A U.S. based National Nurses United will join with the International Medical Corps on Thursday, September 18, 2014 announce a major donation of special protective Hazmat suits for embattled nurses, doctors, and other health workers heroically fighting to stem the Ebola crisis in West Africa.
During the presentation a press conference will be held including an update from the International Medical Corps, which is on the front lines of the Ebola response, and from the ground by the National Private Sector Healthcare
International Medical Corps, a preeminent first responder and humanitarian organization dedicated to providing health care and training for communities hit by disaster, will deliver the suits to Liberia. International Medical Corps is operating a 70-bed Ebola treatment unit in Bong County where personal protective equipment is critically needed to safeguard health workers.
Lack of protective suits is a major problem slowing efforts to contain the spread of Ebola. The rate of infection among nurses and other health workers is unprecedented accelerated by the shortages of protective equipment.
NNU will also voice concerns about inadequate preparedness in U.S. hospitals from major disease outbreaks, whether from Ebola or a mutated virus version of Ebola, or similar epidemics. A California nurse died in 2009 during the H1N1 outbreak.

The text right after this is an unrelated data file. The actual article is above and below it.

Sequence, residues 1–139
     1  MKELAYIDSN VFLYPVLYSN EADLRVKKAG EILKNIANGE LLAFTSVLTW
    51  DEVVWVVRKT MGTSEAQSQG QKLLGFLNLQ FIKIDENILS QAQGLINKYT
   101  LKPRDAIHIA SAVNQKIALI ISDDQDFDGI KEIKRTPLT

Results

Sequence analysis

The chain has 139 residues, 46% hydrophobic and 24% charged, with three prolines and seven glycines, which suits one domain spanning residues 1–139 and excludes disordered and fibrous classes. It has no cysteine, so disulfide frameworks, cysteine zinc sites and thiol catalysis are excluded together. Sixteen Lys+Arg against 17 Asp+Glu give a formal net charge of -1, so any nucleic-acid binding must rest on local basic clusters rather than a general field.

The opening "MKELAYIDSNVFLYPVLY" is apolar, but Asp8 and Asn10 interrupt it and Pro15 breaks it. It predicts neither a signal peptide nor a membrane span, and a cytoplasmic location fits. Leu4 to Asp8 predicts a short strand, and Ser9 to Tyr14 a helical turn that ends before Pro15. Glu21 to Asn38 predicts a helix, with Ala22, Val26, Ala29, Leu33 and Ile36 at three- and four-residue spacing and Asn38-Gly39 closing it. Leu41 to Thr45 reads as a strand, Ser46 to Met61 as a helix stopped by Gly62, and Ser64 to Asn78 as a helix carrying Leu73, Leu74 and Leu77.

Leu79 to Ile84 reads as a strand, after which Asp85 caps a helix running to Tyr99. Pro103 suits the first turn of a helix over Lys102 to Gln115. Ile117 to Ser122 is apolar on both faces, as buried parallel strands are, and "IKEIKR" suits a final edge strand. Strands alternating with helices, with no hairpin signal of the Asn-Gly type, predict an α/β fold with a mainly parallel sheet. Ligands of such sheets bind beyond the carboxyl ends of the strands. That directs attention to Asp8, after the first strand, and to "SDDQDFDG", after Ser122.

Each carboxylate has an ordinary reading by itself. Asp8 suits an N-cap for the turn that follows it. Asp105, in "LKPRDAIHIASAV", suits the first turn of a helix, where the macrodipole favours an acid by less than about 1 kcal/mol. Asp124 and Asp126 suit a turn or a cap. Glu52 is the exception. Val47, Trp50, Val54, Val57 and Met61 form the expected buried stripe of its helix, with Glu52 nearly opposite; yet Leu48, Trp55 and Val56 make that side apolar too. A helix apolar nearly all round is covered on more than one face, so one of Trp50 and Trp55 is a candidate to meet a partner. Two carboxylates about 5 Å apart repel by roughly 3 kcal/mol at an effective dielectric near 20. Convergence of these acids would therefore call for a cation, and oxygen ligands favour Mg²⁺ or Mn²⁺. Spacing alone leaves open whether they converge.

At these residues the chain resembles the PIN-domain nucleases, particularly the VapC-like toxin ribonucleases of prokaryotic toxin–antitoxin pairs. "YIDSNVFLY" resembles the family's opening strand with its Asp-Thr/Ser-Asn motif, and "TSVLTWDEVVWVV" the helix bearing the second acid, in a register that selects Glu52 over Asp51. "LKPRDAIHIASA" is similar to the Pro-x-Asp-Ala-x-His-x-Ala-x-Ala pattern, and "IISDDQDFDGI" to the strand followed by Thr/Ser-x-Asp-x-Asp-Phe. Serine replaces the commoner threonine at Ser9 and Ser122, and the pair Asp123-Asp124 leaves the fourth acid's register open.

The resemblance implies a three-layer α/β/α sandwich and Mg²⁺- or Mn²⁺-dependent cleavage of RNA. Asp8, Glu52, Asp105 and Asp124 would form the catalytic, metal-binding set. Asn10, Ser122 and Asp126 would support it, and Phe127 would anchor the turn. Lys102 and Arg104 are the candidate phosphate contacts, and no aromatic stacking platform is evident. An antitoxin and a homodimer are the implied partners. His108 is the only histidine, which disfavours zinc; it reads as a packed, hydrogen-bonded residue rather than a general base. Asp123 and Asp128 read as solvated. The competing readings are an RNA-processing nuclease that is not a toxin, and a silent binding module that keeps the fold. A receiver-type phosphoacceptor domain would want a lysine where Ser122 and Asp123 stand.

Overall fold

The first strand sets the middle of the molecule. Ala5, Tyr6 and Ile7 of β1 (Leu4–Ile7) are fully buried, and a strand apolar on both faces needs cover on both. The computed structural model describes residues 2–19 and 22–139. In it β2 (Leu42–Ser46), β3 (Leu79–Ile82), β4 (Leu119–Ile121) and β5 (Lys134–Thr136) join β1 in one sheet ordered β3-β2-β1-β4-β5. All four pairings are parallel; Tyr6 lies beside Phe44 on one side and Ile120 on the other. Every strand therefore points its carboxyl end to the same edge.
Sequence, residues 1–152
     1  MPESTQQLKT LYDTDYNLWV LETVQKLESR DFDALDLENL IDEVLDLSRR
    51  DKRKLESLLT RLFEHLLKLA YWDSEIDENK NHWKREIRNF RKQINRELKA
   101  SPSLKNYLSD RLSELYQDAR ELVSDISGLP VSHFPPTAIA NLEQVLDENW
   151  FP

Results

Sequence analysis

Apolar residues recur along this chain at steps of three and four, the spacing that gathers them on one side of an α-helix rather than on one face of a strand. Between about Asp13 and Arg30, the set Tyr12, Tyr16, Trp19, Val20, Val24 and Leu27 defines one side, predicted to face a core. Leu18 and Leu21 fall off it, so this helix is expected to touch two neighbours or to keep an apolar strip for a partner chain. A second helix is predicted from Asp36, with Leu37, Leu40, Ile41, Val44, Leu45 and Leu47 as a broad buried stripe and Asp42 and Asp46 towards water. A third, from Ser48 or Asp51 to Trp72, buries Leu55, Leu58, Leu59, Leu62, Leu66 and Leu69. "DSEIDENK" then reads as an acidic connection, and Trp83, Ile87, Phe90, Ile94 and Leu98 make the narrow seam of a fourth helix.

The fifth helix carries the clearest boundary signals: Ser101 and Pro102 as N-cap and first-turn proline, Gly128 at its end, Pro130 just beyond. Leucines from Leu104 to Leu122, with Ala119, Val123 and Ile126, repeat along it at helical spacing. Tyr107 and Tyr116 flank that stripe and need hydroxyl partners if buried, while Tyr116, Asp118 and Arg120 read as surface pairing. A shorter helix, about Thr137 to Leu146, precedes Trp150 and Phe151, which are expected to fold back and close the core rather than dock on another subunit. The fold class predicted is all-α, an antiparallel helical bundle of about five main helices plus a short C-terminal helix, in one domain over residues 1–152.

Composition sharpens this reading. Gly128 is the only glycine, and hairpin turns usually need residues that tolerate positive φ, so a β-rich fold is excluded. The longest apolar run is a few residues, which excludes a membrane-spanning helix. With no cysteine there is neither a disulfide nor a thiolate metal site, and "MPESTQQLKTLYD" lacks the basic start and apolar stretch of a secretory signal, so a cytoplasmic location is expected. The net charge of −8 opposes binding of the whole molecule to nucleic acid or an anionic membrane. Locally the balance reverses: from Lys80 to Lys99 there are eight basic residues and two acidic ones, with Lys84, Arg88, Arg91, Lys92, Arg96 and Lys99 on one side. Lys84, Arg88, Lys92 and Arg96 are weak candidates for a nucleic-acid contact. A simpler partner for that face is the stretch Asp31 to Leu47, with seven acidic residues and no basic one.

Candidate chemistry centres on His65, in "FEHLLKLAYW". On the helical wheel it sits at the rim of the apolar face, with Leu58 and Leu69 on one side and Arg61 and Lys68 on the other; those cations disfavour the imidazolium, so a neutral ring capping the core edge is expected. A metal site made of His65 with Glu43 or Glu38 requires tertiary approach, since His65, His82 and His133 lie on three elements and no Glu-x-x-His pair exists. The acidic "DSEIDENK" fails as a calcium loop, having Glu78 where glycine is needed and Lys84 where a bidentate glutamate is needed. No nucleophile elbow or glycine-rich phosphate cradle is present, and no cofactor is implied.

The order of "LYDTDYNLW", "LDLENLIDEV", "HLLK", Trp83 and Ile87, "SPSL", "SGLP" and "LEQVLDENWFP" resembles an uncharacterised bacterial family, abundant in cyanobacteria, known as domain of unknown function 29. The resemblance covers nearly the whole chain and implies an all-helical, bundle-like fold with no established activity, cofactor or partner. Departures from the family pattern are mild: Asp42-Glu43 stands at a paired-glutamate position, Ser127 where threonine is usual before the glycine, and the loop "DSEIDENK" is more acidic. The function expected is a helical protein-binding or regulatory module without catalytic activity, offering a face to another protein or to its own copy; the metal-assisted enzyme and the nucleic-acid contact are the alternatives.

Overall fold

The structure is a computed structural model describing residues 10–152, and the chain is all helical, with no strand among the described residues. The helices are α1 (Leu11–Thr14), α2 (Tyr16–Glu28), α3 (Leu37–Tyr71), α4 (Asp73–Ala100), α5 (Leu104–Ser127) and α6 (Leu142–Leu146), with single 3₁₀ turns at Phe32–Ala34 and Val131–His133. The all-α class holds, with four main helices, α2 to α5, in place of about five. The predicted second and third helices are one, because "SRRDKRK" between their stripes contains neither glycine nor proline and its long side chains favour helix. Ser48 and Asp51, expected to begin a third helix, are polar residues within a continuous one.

“Tragically, the Ebola outbreak is only getting worse and spreading to more countries. All of us have a responsibility to support the humanitarian effort. This is only the beginning of a stepped up effort in the U.S. We must act before it is too late,” said Bonnie Castillo, RN, director of NNU’s Registered Nurse Response Network, which has been raising funds for protective equipment.
“We are very grateful to National Nurses United for their generous assistance in arranging the donation of personal protective equipment and for raising funds to support IMC’s Ebola Treatment Unit in Bong, Liberia,” said Rabih Torbay, of the International Medical Corps. “We must work together to combat this deadly disease that, uncontained, might well become a global catastrophe. Partnerships like this are absolutely vital.”
“Since the outbreak of the Ebola virus in March of this year, more than 2,200 of our citizens have died including 89 health workers to date. More health workers are expected to die due to the lack of protective suits while fighting the Ebola virus,” said Garlo Isaac Williams, general secretary of the National Private Sector Health Workers Union of Liberia.
“We know that the strong must always help the weak. Considering the serious situation we find ourselves in, we appeal to all to extend solidarity to assist us in this fight against Ebola,” Williams said.
National Nurses United
California Nurses Assn./NNOC
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